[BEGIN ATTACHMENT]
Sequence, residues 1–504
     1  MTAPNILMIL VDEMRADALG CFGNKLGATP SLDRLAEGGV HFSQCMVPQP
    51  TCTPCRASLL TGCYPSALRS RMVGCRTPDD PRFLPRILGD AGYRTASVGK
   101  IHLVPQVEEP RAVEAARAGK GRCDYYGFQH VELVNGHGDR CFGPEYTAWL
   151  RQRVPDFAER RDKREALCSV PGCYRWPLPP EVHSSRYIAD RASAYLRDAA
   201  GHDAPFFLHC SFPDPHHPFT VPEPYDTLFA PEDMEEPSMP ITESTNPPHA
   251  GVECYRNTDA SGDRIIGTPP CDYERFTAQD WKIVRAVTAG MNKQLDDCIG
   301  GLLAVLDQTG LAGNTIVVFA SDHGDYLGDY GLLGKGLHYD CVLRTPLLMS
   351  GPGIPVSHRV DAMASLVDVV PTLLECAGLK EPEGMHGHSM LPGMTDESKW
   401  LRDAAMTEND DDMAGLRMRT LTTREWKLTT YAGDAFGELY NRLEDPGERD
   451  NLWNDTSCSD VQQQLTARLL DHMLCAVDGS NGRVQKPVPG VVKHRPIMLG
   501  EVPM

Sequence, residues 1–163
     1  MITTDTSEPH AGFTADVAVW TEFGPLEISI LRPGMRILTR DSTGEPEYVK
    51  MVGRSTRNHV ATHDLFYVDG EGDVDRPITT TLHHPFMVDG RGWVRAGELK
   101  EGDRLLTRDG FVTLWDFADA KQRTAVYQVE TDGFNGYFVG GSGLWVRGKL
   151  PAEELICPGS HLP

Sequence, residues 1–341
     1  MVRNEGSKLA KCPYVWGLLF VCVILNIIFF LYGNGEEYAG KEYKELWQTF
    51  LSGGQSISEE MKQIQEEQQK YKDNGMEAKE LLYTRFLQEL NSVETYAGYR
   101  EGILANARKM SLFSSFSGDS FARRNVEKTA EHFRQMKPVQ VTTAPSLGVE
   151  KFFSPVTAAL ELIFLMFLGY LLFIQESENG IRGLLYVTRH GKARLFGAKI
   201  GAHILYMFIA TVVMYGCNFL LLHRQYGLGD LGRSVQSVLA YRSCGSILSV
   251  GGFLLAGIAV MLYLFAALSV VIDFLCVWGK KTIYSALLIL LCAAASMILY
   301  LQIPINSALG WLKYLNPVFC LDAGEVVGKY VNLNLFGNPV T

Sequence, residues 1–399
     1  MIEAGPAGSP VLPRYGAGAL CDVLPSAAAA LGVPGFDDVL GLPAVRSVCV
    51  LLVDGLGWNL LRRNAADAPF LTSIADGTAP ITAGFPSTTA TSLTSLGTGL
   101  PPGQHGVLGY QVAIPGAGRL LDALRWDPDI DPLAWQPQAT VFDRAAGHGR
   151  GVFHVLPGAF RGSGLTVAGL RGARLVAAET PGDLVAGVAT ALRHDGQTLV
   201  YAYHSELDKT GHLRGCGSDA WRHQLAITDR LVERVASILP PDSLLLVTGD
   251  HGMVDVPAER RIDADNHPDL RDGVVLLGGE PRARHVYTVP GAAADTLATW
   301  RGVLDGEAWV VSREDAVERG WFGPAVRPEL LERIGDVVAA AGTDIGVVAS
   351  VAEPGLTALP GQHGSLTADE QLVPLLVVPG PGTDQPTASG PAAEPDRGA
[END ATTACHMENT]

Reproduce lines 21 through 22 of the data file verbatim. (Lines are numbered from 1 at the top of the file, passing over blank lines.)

   101  EGILANARKM SLFSSFSGDS FARRNVEKTA EHFRQMKPVQ VTTAPSLGVE
   151  KFFSPVTAAL ELIFLMFLGY LLFIQESENG IRGLLYVTRH GKARLFGAKI